How to setup Gladys on a Raspberry Pi with remote HTTPS and SSH access

A short guide on how to setup a simple Gladys Home Assistant installation on your Raspberry Pi

Published on January 6, 22

Synpse is an end-to-end platform to manage your device fleet that can grow to hundreds of thousands of devices, perform OTA software updates, collect metrics, logs, deploy your containerized applications and facilitate tunnel-based SSH access to any of your device. You can find a Quick Start here .



  • Synpse - provides app deployment, SSH and HTTPS access.
  • Gladys - a privacy-first, open-source home assistant.
  • Ubuntu 20.04.2 LTS image. Feel free to use Raspberry Pi OS (previously called Raspbian).
  • Docker - deploying containers on the edge devices prevents a lot of issues.


There are multiple ways listed on setting up the Gladys Home Assistant on your PC/laptop/RaspberryPi in the official docs However, most of them lack things like ensuring remote HTTPS access to your Gladys instance, SSH, updates and so on. We will try to address them :)

In this short tutorial we will setup a Gladys on a RaspberryPi. Using this installation method you will get few great things out of the box:

  • Monitor your device uptime, CPU/RAM metrics.
  • SSH from anywhere, even if you can’t ping your device directly.
  • Public HTTPS URL to connect to Gladys from anywhere in a form https://dev-{YOUR ID}

Step 1: Install Docker

Depending on your RaspberryPi OS Docker installation might vary but in most cases this script from should do the job:

curl -fsSL -o
sudo sh

Step 2: Install Synpse agent on your device

Log into your Synpse account, navigate to the “Devices” section and then click on “Provision”. Use the command in your RaspberryPi terminal. This will download, install and initialize the synpse agent.

Once the device has appeared in your Synpse dashboard:

Registered RPI
Registered RPI

Once device is visible, click on the “edit labels” from the menu. Add a label ‘type: rpi’:

Label your device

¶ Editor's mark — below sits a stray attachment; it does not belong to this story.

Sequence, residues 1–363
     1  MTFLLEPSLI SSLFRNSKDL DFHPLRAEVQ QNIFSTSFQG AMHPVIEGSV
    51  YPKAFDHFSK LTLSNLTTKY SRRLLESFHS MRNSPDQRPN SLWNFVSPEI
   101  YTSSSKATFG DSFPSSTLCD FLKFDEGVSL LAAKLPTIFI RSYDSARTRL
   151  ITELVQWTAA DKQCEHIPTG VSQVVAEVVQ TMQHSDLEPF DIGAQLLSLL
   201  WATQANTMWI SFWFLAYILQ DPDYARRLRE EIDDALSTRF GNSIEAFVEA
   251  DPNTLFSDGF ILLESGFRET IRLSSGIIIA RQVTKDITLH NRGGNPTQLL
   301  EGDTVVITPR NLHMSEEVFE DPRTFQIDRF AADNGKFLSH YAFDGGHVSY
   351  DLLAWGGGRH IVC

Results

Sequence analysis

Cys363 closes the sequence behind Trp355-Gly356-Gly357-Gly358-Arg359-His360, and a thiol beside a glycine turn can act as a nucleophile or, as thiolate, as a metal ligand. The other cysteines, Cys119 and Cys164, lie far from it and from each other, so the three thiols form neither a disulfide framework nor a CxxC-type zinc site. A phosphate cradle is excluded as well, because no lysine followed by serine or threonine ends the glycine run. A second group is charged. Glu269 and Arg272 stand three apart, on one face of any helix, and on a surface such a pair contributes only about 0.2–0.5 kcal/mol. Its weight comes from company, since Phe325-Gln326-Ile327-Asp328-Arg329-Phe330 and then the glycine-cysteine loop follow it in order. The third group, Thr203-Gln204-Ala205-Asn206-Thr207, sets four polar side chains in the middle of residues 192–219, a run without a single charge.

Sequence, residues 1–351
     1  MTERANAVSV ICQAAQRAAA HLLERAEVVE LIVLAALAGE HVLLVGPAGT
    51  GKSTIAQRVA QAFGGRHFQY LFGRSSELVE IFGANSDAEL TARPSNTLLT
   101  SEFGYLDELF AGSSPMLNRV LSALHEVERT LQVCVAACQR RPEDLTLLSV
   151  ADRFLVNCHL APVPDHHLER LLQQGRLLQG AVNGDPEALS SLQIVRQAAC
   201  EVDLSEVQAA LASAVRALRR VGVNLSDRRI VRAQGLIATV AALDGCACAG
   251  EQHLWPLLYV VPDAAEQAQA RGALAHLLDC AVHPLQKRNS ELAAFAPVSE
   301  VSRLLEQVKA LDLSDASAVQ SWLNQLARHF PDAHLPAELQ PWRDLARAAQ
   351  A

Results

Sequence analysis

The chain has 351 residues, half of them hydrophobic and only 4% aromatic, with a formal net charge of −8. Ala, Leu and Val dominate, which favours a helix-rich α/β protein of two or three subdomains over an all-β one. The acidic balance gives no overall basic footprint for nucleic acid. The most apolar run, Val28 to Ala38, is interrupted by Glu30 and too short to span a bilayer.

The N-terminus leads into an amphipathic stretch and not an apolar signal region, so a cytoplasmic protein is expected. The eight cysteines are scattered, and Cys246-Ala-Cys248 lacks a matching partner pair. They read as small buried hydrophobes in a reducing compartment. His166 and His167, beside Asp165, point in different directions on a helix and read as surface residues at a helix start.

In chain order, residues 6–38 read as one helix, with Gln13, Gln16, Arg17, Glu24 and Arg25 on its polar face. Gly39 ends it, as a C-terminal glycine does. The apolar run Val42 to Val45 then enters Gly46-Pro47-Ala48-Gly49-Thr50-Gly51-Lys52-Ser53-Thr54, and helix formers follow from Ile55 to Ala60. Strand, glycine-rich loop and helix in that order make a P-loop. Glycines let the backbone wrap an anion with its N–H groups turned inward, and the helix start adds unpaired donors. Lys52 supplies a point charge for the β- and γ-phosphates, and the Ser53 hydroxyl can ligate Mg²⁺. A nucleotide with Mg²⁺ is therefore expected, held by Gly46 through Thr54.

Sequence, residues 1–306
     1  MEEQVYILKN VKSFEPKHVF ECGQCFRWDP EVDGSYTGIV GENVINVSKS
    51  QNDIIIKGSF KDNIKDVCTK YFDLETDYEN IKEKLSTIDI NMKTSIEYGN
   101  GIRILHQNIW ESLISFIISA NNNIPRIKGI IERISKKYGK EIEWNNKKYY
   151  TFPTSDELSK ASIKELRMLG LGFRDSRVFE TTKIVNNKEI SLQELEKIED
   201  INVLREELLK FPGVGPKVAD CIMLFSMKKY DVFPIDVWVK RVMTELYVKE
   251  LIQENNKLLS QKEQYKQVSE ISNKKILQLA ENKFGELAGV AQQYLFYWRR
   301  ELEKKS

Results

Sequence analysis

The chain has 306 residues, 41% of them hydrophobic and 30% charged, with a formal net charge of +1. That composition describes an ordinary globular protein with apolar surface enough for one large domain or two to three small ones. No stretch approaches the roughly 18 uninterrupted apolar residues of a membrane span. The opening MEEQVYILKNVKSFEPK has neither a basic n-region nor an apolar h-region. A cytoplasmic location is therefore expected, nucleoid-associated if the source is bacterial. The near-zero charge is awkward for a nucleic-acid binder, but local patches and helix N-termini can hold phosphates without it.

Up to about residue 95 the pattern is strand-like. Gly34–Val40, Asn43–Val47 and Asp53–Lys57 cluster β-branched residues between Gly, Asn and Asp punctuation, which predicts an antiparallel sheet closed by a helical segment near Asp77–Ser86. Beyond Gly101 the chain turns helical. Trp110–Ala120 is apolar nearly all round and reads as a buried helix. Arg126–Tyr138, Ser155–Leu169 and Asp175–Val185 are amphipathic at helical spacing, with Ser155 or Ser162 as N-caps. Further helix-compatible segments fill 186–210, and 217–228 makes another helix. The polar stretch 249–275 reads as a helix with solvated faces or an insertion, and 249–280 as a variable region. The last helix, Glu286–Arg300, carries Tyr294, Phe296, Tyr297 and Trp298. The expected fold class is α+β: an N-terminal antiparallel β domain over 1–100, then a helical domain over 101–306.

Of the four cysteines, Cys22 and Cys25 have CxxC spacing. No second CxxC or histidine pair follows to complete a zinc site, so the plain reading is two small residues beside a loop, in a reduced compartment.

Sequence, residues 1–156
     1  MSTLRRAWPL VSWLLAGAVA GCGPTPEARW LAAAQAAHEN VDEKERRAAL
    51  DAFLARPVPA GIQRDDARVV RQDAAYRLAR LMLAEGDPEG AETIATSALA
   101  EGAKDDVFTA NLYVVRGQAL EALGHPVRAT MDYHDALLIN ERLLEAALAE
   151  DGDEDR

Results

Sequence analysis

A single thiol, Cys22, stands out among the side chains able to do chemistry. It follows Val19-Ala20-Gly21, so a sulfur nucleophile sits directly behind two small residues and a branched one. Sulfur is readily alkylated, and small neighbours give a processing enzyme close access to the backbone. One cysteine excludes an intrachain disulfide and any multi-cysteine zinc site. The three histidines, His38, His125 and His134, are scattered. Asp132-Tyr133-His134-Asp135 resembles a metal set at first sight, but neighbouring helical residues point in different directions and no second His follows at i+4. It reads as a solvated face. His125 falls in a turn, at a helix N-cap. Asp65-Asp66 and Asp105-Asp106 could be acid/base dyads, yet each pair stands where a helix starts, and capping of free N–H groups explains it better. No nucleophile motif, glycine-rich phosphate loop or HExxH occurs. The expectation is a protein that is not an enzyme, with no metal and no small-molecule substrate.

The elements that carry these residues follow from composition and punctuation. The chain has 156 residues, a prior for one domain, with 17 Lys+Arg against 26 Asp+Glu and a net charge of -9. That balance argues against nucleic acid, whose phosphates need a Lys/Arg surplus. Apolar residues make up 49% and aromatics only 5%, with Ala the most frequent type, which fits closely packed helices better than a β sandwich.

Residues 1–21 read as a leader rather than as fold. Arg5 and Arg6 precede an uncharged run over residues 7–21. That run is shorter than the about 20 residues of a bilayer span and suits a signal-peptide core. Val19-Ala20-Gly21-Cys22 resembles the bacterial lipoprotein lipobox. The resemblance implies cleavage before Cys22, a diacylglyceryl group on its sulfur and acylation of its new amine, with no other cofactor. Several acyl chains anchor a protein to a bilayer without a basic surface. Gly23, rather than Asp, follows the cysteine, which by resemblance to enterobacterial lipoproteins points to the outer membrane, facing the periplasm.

Label your device

In Synpse, applications are installed into the devices based on device labels so it’s a good practice to label your devices accordingly.

Step 3: Create Gladys deployment

Applications in Synpse are defined in yaml format. If you have used Docker Compose or Kubernetes before, it will feel familiar. You can read more about them here.

To create the application:

  1. Select the namespace (should be ‘default’ on the left side menu)
  2. Click on “New Application” button in the top
  3. Copy paste the yaml from below

Or, login into and click on the button below:

Deployment spec that you can copy to Synpse looks like this:

name: gladys
  type: Conditional
    type: rpi # Update to your device selector
    - name: gladys
      image: gladysassistant/gladys:v4
      networkMode: host # Host network as it needs to scan it for devices
      privileged: true
        - /data/gladysassistant:/data/gladysassistant
        - /dev:/dev
        - /run/udev:/run/udev
        - /var/run/docker.sock:/var/run/docker.sock
        - name: NODE_ENV
          value: production
        - name: SERVER_PORT
          value: "8080"
        - name: TZ
          value: Europe/London # Change to your timezone
        - name: SQLITE_FILE_PATH
          value: /data/gladysassistant/gladys-production.db

Data on the device will be stored in the /data/gladysassistant/ directory. This will ensure that after updating the Gladys Assistant Docker image your configuration doesn’t disappear.

Getting public HTTPS URL to Gladys

To connect to Gladys you can either access it directly on http://:8080 or you can expose it to the internet by setting port 8080 in the device details and click on the public endpoint button:

device tunnel
device tunnel

After enabling, you should see your device URL in a format similar to . Open it and complete the initial configuration steps (or restore it from the previous backup). Once done, you should have your username/password based authentication on the public URL:

Gladys login
Gladys login

SSH access

Through Synpse you can always using web interface to open an SSH terminal to your device. Use this when debugging any issues or downloading/uploading backups from your device:

SSH to Gladys device
SSH to Gladys device

Next steps

Try connecting Gladys to your local Hue bridge or deploy Node-RED next to the Gladys for additional low-code automation! We have a blog post on deploying Node-RED container as well here.